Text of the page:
starring Kristen Stewart, Sean Harris, Amy Manson, Sally Hawkins
written by Steven Knight
directed by Pablo Larrain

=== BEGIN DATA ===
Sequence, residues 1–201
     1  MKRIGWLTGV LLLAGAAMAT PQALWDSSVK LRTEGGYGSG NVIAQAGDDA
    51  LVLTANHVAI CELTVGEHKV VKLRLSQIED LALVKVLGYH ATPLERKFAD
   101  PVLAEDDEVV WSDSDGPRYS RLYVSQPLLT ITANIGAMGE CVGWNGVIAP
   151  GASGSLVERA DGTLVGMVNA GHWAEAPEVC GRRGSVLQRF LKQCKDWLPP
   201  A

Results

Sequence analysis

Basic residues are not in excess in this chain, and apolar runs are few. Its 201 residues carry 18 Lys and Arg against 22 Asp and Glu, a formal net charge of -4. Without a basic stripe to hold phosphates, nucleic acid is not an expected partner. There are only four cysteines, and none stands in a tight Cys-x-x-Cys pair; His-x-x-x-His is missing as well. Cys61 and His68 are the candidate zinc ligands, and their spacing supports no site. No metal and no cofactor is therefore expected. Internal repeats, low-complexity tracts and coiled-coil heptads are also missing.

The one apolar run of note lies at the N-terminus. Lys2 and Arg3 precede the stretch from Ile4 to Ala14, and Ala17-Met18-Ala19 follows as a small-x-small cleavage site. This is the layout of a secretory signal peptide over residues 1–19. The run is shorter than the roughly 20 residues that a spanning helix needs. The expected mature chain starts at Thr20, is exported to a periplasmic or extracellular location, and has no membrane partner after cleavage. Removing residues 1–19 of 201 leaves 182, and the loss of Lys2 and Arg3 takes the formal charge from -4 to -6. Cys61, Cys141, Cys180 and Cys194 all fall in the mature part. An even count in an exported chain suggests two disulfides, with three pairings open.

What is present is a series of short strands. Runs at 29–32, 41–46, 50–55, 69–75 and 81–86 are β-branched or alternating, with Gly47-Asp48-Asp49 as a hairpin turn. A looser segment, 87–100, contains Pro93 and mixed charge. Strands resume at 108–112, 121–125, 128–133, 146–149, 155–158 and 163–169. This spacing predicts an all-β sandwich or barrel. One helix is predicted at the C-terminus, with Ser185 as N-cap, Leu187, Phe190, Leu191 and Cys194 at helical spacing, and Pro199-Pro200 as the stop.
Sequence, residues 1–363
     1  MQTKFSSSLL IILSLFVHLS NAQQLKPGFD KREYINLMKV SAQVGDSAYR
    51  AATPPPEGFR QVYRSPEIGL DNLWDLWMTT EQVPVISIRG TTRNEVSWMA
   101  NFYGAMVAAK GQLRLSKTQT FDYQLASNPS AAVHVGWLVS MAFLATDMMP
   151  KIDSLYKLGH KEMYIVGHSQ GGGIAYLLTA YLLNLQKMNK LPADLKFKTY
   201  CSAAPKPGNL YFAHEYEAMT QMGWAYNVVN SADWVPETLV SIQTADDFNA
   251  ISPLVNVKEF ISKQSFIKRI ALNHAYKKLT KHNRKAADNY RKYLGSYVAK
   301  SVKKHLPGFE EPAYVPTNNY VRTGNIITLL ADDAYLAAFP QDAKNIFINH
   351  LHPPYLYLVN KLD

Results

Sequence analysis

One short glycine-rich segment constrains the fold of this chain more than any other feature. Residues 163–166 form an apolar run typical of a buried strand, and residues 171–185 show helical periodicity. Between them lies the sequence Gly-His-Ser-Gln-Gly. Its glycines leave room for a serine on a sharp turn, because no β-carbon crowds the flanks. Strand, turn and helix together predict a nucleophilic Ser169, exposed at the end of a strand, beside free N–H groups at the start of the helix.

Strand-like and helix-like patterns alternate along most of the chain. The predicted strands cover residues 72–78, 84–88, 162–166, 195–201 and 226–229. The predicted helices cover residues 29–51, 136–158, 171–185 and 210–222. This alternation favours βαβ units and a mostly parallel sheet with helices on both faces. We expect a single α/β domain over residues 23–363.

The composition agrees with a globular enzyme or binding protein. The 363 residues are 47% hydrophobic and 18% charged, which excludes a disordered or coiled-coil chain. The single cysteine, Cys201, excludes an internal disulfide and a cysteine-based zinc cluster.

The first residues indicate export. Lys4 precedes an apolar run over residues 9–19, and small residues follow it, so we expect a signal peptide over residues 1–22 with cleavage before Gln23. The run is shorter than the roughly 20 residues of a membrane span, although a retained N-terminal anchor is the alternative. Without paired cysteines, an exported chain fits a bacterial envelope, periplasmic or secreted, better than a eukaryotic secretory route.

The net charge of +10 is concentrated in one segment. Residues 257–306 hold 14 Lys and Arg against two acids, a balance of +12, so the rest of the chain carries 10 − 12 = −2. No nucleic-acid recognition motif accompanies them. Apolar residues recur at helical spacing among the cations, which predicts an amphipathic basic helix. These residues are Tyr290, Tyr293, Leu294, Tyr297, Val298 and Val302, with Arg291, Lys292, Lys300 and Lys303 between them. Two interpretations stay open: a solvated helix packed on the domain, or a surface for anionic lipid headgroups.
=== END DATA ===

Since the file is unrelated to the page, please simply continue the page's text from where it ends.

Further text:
by Walter Chaw The last 12 minutes or so of Derek Jarman's excoriating, experimental The Last of England is just Tilda Swinton armed with garden shears, framed against a stark background, ripping through her wedding dress in a rapture of rage--a resounding rejection (or a prophecy of the inevitable fall) of the tradition and ritual, the future and hope, that marriages represent. The whole film is scenes of atrocity and decay intercut with home movies of the child this bride was, the couple this bride is a part of, and the calamity of the union into which society has forced her, culminating in this exorcism of these ties that bind. It's one of the great exits in Jarman, and The Last of England's afterimage is all over Pablo Larrain's impressionistic Spencer, a biography of three miserable days, from Christmas Eve to Boxing Day, at the end of Princess Diana's tenure. It seeps through especially in a sequence where Diana (Kristen Stewart) dances by herself down the empty halls of Sandringham, an act of rebelling against the norms and controls imposed on her by the misfortune of her station. The scene would play perfectly against the mute wanderings of a grief-stricken Jackie Onassis in Larrain's previous examination of a woman encased--and left adrift--in a patriarchal system of power and exchange, Jackie. They are complementary portraits of the suffocation of empire. Both can be unpacked by Jarman's takedown of Thatcher's England, and all three left me a mess.